The closest the company came to building a true race car under Lamborghini's supervision were a few highly modified prototypes, including those built by factory test driver Bob Wallace, such as the Miura SV-based "Jota" and the Jarama S-based "Bob Wallace Special". Under the management of Georges-Henri Rossetti, Lamborghini entered into an agreement with BMW to build a production racing car in sufficient quantity for homologation. However, Lamborghini was unable to fulfill its part of the agreement. The car was eventually developed in-house by the BMW Motorsport Division, and was manufactured and sold as the BMW M1.
In the 1980s, Lamborghini developed the QVX for the 1986 Group C championship season. One car was built, but lack of sponsorship caused it to miss the season. The QVX competed in only one race, the non-championship 1986 Southern Suns 500 km race at Kyalami in South Africa, driven by Tiff Needell. Despite the car finishing better than it started, sponsorship could once again not be found and the program was cancelled.
Lamborghini was an engine supplier in Formula One between the 1989 and 1993 Formula One seasons. It supplied engines to Larrousse (1989-1990,1992-1993), Lotus (1990), Ligier (1991), Minardi (1992), and to the Modena team in 1991. While the latter is commonly referred to as a factory team, the company saw themselves as a supplier, not a backer. The 1992 Larrousse–Lamborghini was largely uncompetitive but noteworthy in its tendency to spew oil from its exhaust system. Cars following closely behind the Larrousse were commonly colored yellowish-brown by the end of the race.
In late 1991, a Lamborghini Formula One motor was used in the Konrad KM-011 Group C sports car, but the car only lasted a few races before the project was canceled. The same engine, re-badged a Chrysler by Lamborghini's then parent company, was tested by McLaren towards the end of the 1993 season, with the intent of using it during the 1994 season. Although driver Ayrton Senna was reportedly impressed with the engine's performance, McLaren pulled out of negotiations, choosing a Peugeot engine instead, and Chrysler ended the project.
Two racing versions of the Diablo were built for the Diablo Supertrophy, a single-model racing series held annually from 1996 to 1999. In the first year, the model used in the series was the Diablo SVR, while the Diablo 6.0 GTR was used for the remaining three years.
Lamborghini developed the Murciélago R-GT as a production racing car to compete in the FIA GT Championship, the Super GT Championship and the American Le Mans Series in 2004. The car's highest placing in any race that year was the opening round of the FIA GT Championship at Valencia, where the car entered by Reiter Engineering finished third from a fifth-place start. In 2006, during the opening round of the Super GT championship at Suzuka, a car run by the Japan Lamborghini Owners Club garnered the first victory (in class) by an R-GT.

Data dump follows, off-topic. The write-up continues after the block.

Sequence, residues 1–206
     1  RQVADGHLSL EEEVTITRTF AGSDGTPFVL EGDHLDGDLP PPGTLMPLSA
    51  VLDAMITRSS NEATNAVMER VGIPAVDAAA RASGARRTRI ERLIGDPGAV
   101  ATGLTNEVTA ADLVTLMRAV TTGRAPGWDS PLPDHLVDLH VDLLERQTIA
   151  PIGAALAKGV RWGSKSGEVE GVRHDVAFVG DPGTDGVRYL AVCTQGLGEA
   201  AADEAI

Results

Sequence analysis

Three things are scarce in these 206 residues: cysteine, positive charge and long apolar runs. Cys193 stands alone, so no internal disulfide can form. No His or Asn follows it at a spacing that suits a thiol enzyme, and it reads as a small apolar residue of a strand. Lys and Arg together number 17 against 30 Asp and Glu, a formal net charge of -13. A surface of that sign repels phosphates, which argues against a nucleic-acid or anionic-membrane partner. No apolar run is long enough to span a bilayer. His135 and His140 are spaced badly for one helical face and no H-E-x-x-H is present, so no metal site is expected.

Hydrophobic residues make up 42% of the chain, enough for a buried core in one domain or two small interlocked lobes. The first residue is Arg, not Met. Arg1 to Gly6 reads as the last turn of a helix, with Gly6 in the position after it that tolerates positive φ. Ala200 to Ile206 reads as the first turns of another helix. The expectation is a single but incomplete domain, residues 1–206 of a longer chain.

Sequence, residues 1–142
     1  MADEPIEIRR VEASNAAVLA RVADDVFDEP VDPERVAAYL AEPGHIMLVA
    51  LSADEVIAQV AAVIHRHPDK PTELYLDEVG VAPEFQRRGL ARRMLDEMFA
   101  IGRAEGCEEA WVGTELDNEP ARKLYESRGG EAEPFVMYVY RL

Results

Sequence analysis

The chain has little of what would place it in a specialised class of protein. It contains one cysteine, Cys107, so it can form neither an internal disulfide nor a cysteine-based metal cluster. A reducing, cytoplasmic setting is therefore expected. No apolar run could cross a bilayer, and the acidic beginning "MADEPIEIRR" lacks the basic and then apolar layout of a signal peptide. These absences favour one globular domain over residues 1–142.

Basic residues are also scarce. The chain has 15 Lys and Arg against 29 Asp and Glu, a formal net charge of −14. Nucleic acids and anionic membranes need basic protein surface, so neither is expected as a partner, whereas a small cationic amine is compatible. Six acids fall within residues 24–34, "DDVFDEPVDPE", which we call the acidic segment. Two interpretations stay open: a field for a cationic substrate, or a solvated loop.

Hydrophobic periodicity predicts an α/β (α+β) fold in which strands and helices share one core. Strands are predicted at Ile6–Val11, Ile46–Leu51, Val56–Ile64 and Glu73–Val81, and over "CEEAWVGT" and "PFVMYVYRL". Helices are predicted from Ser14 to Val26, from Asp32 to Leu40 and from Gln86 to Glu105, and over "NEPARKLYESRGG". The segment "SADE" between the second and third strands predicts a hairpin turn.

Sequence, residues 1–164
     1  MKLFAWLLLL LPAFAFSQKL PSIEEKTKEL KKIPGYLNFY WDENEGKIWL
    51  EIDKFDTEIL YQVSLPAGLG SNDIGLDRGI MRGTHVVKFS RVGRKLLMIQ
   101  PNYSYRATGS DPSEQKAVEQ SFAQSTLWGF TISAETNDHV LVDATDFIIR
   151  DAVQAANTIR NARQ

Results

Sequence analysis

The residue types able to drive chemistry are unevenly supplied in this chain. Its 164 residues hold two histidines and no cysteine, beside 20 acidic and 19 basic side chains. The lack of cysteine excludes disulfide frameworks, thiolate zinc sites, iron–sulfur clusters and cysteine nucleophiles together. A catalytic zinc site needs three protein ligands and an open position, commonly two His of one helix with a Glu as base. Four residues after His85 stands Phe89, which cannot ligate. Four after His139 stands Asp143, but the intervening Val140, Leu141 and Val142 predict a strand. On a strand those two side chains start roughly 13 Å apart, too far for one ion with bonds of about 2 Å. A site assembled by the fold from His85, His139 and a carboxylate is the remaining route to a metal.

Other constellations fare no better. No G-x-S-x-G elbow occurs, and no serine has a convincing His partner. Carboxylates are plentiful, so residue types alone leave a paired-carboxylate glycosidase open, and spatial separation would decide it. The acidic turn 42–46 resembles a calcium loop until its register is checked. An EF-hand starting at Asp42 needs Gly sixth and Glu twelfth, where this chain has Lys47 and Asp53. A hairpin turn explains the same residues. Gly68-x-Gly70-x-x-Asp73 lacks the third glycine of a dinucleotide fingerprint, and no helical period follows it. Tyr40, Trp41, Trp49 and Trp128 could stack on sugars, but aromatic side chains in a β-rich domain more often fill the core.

A Murciélago R-GT entered by All-Inkl.com racing, driven by Christophe Bouchut and Stefan Mücke, won the opening round of the FIA GT Championship held at Zhuhai International Circuit, achieving the first major international race victory for Lamborghini.
|Audi Takeover in 1998|
Lamborghini has had a number of owners:
- Ferruccio Lamborghini 1963–1972
- Georges-Henri Rossetti and René Leimer 1972–1977
- bankrupt 1977–1984
- managed by Patrick Mimram 1980–1984
- Patrick Mimram 1984–1987
- Chrysler Corporation 1987–1994
- Megatech 1994–1995 (Permission granted for the Creation of Lamborghini Latinoamerica S.A.)
- V'Power, Mycom 1995–1998
- Audi AG 1998-present
Automovil Lamborghini de Latin America was set up by a Jorge Antonio Fernandez Garcia in Buenos Aires, Argentina in 1994, It is officially licensed to produce two handbuilt variants of the Diablo called the Eros and the Coatl. They were first produced in 2001 and are available only in Latin America since 2003.
See also: List of Italian companies
- Lamborghini official web site
- Lamborghini by KLD Concept (Photos , vidéo , etc ..)
- The International Lamborghini Registry
- Lamborghini Owners and Enthusiasts forum
- TODOLAMBORGHINI fan site
- LAMBORGHINI weblog
- Timpelen.com - a website dedicated to Automobili Lamborghini
- Lamborghini of Latin America based in Argentina
- Great Place to Buy Your Lambo
|Current models: Reventón | Murciélago LP640 | Murciélago LP640 Roadster | Murcielago Spider | Gallardo | Gallardo Spyder|
|Lamborghini road car timeline, 1960s–1980s|
and Patrick Mimran
|Chrysler Corporation||Megatech||V'Power||AUDI AG|
|2 plus 2||400GT||Islero||Jarama|
|2 plus 2||Urraco|
|Founder: Ferruccio Lamborghini | Lamborghini Corporate website | A brand of the VWAG group|
|« Previous||Lamborghini road car timeline, 1980s–2000s – part of the Volkswagen Group|
|Owner||← Receivership|| Jean-Claude
and Patrick Mimran
|Chrysler Corporation||Megatech||V'Power||AUDI AG|
|Founder: Ferruccio Lamborghini | Lamborghini Corporate website | A brand of the VWAG group|